As I walk out of my cozy waterfront cabin on a lake in the Adirondacks, the old screen door slams behind me. It’s a sound that brings back memories from childhood. Entering the kitchen, the smell of coffee brewing seduces me to pour a cup of my own. I then walk across the creaky wooden floors to the old screened-in octagon-shaped porch overlooking the water and plop myself down in the same wicker chair as generations before me.
There is little as soothing as the water, the movement of pine forests swaying in the distance, and the occasional canoe passing by. It’s where I sit in the mornings to follow my morning routine, and where we sit in the evenings to catch up on one another’s day.
Farewell to Summer
Summer, here on the lake, ends tomorrow, when most residents return home. Overnight, things will get silent and a boat will be a rare sight for the few remaining stragglers who stay on to experience the fall colors, which are beyond spectacular. Our final event will be a gathering of lake residents to hand out sailing trophies and say farewell till next year.
People post about all the things they are doing, the places they are experiencing or visiting, often making us wish our life was like theirs. But it’s a game, not reality. Other than an occasional family or pet death, social media provides only a glimpse, just the things we want people to know. Few offer a look at the harder aspects of life, and experts say depression is often driven by the perfection that others appear to be living.
Each day offers something that can throw us off our game, rock our world, and create disappointment and fears. How we manage those things determines our level of happiness. If we allow worry and fear to consume us, we make life harder.
Emerson said this: “Write it on your heart that every day is the best day in the year. He is rich who owns the day, and no one owns the day who allows it to be invaded with fret and anxiety. Finish every day and be done with it. You have done what you could. Some blunders and absurdities no doubt crept in. Forget them as soon as you can, tomorrow is a new day; begin it well and serenely, with too high a spirit to be cumbered with your old nonsense. This new day is too dear, with its hopes and invitations, to waste a moment on the yesterdays.”
Look back just one year. What consumed you? Is that problem still consuming you? It could be, if it’s fighting a long-term illness. But are you still worried about the things you were obsessed with then? Did the worst happen? Did you survive it? Or was it less terrible than you anticipated?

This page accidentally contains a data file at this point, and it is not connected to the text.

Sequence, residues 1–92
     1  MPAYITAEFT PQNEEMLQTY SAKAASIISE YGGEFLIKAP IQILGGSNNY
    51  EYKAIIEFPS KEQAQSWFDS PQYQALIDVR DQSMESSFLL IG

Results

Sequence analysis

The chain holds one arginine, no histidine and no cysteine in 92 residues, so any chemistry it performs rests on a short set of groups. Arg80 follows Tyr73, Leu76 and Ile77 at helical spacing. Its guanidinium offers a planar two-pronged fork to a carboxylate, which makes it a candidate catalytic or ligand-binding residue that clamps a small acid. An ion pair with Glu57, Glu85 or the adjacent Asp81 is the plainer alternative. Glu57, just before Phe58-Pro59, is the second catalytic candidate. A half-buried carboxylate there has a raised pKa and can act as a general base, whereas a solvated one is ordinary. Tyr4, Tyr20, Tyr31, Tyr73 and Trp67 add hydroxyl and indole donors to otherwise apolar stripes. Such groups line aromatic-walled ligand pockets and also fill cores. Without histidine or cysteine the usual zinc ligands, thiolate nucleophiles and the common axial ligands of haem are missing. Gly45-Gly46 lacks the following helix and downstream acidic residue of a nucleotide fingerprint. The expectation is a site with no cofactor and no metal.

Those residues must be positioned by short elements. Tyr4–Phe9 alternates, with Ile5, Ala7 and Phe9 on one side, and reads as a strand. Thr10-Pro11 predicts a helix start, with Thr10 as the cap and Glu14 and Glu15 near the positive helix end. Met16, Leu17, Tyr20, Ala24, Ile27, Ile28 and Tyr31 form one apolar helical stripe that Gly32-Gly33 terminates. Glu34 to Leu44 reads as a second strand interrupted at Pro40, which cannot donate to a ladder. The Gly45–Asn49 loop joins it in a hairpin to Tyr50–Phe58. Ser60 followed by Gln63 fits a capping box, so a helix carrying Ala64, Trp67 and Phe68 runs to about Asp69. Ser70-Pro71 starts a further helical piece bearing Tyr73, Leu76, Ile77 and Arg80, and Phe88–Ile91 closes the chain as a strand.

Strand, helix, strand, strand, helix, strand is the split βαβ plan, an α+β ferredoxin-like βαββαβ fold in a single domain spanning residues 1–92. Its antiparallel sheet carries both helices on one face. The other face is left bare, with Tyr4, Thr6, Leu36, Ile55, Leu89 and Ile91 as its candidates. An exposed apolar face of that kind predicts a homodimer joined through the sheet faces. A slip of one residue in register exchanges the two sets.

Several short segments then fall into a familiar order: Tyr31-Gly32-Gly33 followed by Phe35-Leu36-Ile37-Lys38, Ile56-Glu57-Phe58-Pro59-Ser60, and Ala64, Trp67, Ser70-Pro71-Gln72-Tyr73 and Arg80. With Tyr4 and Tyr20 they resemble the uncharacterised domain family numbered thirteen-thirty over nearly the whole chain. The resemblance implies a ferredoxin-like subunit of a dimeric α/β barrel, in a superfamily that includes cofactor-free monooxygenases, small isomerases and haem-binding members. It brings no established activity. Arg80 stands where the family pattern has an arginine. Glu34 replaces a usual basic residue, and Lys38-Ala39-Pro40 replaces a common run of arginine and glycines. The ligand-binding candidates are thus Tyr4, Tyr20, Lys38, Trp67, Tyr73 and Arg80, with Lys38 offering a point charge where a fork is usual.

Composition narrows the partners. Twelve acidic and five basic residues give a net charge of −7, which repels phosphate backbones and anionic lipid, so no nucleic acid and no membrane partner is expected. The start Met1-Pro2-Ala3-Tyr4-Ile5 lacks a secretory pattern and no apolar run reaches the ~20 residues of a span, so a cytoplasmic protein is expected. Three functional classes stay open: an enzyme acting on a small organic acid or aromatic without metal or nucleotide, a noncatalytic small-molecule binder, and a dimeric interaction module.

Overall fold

The World Is Falling Apart
Recently I was talking to a person who is seriously uptight about the world today and how things are so much worse than they should be, thinking that our country is falling apart. Though I can certainly understand the perspective based on some things in the media, I recently ran across an e-mail from the same person 10 years ago, saying the same things. None of the things he mentioned as being the end of the world actually happened. I reminded him of this and his response was, “It’s different this time.” I realized he might be looking for problems.
Feeding the Worry Beast
Where we spend our time impacts our state of mind. If I watch the news or spend too much time on some kinds of social media, I can easily get worked up. So I bury my head in the sand and don’t ever watch news on TV. And I’ve deleted most of my negative friends who use social media to get others worked up. I consider it a form of protection, to keep my head in a good place. And if I can’t change things, why worry?
I’ve found that if you stay in the present, and acknowledge your feelings without judgment, you can become resilient against worry. And if something is bothering me more than normal, I know my tendency is to overthink it. By staying in the present, I tend not to get absorbed by “what if?” scenarios.
The Stories We Tell Ourselves
The other day someone was sharing some worry with me, and I started fact-checking: “Is this true?” We all tend to tell ourselves stories. Ask yourself how true your concerns are and if there is evidence to back them up. We tend to start with the thing that is happening and move on to “If x continues, y will happen.” But that’s rarely the case, so be careful about projecting.